Relativistic Generalization of the Incentive Trap of Interstellar Travel with Application to Breakthrough Starshot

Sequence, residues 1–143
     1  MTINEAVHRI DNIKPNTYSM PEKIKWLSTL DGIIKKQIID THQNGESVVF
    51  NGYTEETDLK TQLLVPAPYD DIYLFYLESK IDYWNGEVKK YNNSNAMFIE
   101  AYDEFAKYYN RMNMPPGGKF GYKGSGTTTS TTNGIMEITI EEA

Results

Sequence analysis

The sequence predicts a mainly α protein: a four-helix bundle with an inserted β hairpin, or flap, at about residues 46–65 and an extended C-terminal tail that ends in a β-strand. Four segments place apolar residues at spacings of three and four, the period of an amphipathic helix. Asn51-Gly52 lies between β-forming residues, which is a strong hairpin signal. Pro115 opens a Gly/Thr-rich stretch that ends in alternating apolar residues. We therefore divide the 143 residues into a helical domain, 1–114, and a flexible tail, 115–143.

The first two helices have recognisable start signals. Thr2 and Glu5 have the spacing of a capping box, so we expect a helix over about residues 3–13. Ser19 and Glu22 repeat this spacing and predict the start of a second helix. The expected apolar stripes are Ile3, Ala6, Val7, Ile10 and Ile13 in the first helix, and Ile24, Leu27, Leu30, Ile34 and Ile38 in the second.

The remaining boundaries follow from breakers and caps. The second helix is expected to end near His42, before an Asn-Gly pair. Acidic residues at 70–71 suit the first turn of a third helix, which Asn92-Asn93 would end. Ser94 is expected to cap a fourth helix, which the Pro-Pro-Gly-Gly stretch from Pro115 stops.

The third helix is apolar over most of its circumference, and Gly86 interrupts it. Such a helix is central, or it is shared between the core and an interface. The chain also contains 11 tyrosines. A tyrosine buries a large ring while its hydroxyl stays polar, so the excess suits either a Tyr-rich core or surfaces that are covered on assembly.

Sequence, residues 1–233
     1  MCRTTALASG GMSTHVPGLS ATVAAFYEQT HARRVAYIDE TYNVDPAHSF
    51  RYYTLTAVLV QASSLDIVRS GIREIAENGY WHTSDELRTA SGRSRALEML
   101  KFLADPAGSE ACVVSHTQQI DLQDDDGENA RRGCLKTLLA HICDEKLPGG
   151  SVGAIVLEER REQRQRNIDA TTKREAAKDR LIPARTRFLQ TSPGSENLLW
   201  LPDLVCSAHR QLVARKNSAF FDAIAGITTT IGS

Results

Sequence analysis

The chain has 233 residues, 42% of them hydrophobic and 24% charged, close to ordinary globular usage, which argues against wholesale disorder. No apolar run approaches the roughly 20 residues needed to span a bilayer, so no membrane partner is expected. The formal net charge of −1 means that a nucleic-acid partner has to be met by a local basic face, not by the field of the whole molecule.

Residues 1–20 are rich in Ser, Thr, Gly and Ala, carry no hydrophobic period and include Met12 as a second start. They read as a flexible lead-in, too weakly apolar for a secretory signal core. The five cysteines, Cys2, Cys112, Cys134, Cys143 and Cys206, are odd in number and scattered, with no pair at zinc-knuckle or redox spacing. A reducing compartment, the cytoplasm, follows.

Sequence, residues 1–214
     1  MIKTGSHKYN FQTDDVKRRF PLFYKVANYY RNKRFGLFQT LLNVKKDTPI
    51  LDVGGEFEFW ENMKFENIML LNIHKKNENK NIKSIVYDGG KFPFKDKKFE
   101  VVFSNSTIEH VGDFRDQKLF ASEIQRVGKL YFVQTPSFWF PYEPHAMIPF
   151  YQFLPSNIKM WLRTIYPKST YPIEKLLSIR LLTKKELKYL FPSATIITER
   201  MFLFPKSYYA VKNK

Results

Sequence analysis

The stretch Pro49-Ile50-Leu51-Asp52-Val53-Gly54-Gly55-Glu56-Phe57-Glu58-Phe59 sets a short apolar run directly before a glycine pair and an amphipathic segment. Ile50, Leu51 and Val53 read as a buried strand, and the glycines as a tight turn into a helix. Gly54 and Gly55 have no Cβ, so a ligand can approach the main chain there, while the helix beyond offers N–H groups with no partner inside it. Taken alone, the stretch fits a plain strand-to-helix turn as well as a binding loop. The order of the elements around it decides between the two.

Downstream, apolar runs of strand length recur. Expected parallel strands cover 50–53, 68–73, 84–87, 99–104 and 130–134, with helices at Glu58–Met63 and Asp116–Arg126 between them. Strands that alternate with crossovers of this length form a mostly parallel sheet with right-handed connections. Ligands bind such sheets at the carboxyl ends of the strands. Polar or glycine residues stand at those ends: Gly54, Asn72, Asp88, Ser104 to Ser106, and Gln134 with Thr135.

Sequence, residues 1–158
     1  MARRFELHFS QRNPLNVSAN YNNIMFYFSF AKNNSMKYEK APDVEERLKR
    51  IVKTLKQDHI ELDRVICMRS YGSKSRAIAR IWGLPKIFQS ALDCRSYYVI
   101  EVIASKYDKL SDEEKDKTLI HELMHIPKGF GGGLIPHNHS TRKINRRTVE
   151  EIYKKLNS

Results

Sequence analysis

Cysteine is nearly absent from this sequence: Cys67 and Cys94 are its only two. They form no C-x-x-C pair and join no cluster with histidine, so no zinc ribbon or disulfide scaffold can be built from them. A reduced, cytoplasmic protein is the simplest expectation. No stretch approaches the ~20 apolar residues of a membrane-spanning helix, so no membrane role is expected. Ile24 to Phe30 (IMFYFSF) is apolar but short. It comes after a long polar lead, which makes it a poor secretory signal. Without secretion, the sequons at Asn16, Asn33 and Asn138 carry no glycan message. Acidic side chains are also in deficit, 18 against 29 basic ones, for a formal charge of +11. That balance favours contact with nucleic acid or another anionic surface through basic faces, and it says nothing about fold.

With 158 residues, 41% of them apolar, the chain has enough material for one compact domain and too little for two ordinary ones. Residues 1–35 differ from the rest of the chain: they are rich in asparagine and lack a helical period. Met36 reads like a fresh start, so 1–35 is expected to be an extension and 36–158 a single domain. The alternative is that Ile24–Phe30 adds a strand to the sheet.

As new concepts of sending interstellar spacecraft to the nearest stars are now being investigated by various research teams, crucial questions about the timing of such a vast financial and labor investment arise. If humanity could build high-speed interstellar lightsails and reach α Centauri 20 yr after launch, would it be better to wait a few years, then take advantage of further technology improvements and arrive earlier despite waiting? The risk of being overtaken by a future, faster probe has been described earlier as the incentive trap. Based on 211 yr of historical data, we find that the speed growth of artificial vehicles, from steam-driven locomotives to Voyager 1, is much faster than previously believed, about 4.72 % annually or a doubling every 15 yr. We derive the mathematical framework to calculate the minimum of the wait time to launch t plus travel time τ(t) and extend it into the relativistic regime. We show that the t + τ(t) minimum disappears for nearby targets. There is no use of waiting once we can reach an object within about 20 yr of travel, irrespective of the actual speed. In terms of speed, the t + τ(t) minimum for a travel to α Centauri occurs at 19.6 % the speed of light (c), in agreement with the 20 % c proposed by the Breakthrough Starshot Initiative. If interstellar travel at 20 % c could be achieved within 45 yr from today and the kinetic energy be increased at a rate consistent with the historical record, then humans can reach the ten most nearby stars within 100 yr from today.